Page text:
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Keywords:

  • circadian rhythm;
  • colorectal distension;
  • cortisol;
  • visceral hyperalgesia

Abstract

  1. Top of page
  2. Abstract
  3. INTRODUCTION
  4. METHODS
  5. RESULTS
  6. DISCUSSION
  7. ACKNOWLEDGMENT
  8. References

Most patients with functional bowel disorders complain of daytime symptoms while they remain asymptomatic at night. As symptoms are associated with heightened visceral sensitivity, we hypothesized that circadian fluctuations of the visceral sensory function occur. At four different timepoints (06.00, 12.00, 18.00 and 24.00 h), colorectal distensions (CRD) were performed in fasting conscious male Lewis rats using a balloon catheter and a barostat device. The abdominal wall contractions (behavioural pain response) were assessed during colorectal distension by abdominal wall electromyography (EMG). Plasma levels for endogenous cortisol were determined simultaneously at these timepoints. EMG responses to CRD were significantly (P < 0.05) higher at midnight and in the early morning. Plasma cortisol levels peaked in the evening. In night-active Lewis rats, the behavioural pain response to noxious visceral stimulation is augmented at night and fluctuations of visceral sensitivity are accompanied by circadian changes of plasma concentrations of endogenous cortisol. We conclude that there are marked circadian fluctuations in visceral sensory functions. Thresholds are low during time periods of normal behavioural activity. These findings suggest that fluctuation of the sensory functions may be linked to the circadian variability of symptoms in patients with functional GI disorders.


INTRODUCTION

  1. Top of page
  2. Abstract
  3. INTRODUCTION
  4. METHODS
  5. RESULTS
  6. DISCUSSION
  7. ACKNOWLEDGMENT
  8. References

Functional bowel disorders are characterized by a more or less typical pattern of symptoms and the absence of structural lesions or obvious biochemical abnormalities to explain these symptoms.1 It is now widely accepted that an abnormal visceral sensory function plays an important role in the development of symptoms in these patients.2–5 The majority of patients with functional gastrointestinal (GI) disorders reports an improvement in, or even a complete absence of, symptoms at night. Indeed, the absence of symptoms at night has been considered a positive indicator for functional bowel disorder rather than an organic disease. Martinez and coworkers6 have described changes in pain thresholds in rats with oestrus and time of day using the tail-flick test. In cell physiological studies, circadian oscillations in N-methyl-D-aspartate (NMDA)-evoked Ca2+ transients have been observed in neurones of the suprachiasmatic nucleus.7 Similarly, nitric oxide synthase in the rat pineal gland is known to exhibit a circadian rhythm.8 Thus, a potential explanation for the obvious diurnal fluctuations of symptoms associated with visceral pain are differences in the processing of visceral afferent information.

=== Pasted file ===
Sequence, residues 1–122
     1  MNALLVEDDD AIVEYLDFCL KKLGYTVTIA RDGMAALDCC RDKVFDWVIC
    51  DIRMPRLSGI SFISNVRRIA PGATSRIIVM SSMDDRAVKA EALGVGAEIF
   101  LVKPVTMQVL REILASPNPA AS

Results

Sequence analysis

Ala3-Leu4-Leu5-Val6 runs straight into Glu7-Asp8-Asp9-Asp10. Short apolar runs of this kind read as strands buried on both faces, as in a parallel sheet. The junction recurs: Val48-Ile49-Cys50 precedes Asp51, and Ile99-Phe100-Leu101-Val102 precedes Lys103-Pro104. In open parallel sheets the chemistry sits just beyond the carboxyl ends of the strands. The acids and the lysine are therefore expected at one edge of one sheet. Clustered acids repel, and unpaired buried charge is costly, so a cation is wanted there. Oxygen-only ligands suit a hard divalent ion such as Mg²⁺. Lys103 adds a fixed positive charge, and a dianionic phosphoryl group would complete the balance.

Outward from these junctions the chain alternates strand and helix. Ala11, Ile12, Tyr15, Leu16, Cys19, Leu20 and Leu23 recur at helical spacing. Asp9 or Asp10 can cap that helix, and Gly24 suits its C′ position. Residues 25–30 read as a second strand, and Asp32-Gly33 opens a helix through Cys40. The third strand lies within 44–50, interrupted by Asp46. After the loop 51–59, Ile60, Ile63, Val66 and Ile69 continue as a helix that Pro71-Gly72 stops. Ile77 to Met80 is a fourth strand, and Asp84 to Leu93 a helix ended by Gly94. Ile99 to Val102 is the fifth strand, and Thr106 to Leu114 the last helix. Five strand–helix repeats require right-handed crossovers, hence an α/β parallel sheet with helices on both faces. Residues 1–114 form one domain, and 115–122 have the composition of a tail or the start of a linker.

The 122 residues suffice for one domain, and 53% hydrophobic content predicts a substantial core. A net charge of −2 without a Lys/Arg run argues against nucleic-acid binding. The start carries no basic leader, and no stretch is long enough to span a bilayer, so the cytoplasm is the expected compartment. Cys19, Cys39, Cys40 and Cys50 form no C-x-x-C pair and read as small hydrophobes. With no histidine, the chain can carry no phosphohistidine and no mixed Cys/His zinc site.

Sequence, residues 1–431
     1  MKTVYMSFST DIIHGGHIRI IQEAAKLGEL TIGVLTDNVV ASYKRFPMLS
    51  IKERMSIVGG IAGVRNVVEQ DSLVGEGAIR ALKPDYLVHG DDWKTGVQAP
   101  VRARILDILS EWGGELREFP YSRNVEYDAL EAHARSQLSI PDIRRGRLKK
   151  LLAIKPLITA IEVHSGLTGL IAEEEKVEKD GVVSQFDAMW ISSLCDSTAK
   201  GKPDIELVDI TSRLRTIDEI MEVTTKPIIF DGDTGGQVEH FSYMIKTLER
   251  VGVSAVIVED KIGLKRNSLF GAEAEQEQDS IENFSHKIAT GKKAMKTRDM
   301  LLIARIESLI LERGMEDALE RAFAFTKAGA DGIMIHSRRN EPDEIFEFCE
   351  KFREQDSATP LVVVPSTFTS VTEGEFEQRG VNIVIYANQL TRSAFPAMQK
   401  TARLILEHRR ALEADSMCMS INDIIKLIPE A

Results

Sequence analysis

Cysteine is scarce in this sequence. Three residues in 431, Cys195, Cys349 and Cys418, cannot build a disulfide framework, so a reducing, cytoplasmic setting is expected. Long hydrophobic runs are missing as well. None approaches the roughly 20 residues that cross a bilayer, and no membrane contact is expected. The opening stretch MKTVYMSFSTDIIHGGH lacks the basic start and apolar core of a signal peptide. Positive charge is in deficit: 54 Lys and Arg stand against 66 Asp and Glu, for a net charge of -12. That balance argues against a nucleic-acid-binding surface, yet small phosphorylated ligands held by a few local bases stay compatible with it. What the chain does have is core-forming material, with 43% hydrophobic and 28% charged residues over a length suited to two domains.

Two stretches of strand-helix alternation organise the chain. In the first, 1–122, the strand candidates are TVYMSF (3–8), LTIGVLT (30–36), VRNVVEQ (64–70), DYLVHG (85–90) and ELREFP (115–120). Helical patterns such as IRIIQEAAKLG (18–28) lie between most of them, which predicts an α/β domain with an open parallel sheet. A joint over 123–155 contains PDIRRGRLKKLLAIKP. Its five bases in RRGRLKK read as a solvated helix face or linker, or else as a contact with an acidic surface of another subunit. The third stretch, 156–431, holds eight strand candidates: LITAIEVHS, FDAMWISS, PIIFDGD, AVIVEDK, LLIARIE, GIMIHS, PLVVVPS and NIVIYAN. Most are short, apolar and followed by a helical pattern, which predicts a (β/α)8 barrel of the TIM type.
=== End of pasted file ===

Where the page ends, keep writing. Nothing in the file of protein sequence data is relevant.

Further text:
In the current study, we aimed to analyse diurnal variations in the behavioural pain response to a standardized noxious visceral (colonic) stimulation. We hypothesized that the behavioural pain response to a standardized visceral stimulus peaks during time periods of normal behavioural activity.

METHODS

  1. Top of page
  2. Abstract
  3. INTRODUCTION
  4. METHODS
  5. RESULTS
  6. DISCUSSION
  7. ACKNOWLEDGMENT
  8. References

Subjects and stimuli

Male Lewis rats (Harlan, Borchen, Germany), weighing 340–390 g, were used. As a visceral stimulus, mechanical distensions of the descending colon and rectum were performed by pressure-controlled air inflation of a 4.5-cm flexible plastic balloon connected to an electronic distension device (Distender Series IITM barostat; G & J Electronics, Willowdale, Ontario, Canada). The balloon was lubricated (Vaseline; University of Essen, Pharmacy, Essen, Germany), inserted intra-anally and positioned such that the end of the balloon was 1 cm proximal to the anus. The balloon was secured in place by taping the catheter to the tail. The visceromotor response to colorectal distension (CRD) in the rat has been intensively characterized by Ness and Gebhart9 and consists of a contraction of the abdominal and hindlimb musculature. In this study, the visceromotor response to CRD was quantified by electromyographic (EMG) recordings of abdominal wall muscle activity.

Surgical preparation

Under combined anaesthesia with ketamine hydrochloride (Ketamin® 10%; Sanofi-Ceva, Dusseldorf, Germany; 1 mL kg−1 bodyweight) intraperitoneally (i.p.) and xylazin hydrochloride (Xylazin® 2%; Sanofi-Ceva, Dusseldorf, Germany; 0.05 mL per animal i.p.), a midline incision was performed under sterile conditions to open the abdomen. For the EMG recordings, Teflon-insulated silver wires (Cooner Wire Co., Cathsworth, CA, USA) were used as bipolar electrodes and implanted into the musculus obliquus externus above the ligamentum inguinale. The EMG electrodes were externalized at the dorsal neck of the animals. Animals were housed individually after surgery with food and water ad libitum. After surgery, rats were allowed to recover for 4 days before experimental use. The animals were kept on a 12-h light/dark cycle.

Experimental protocol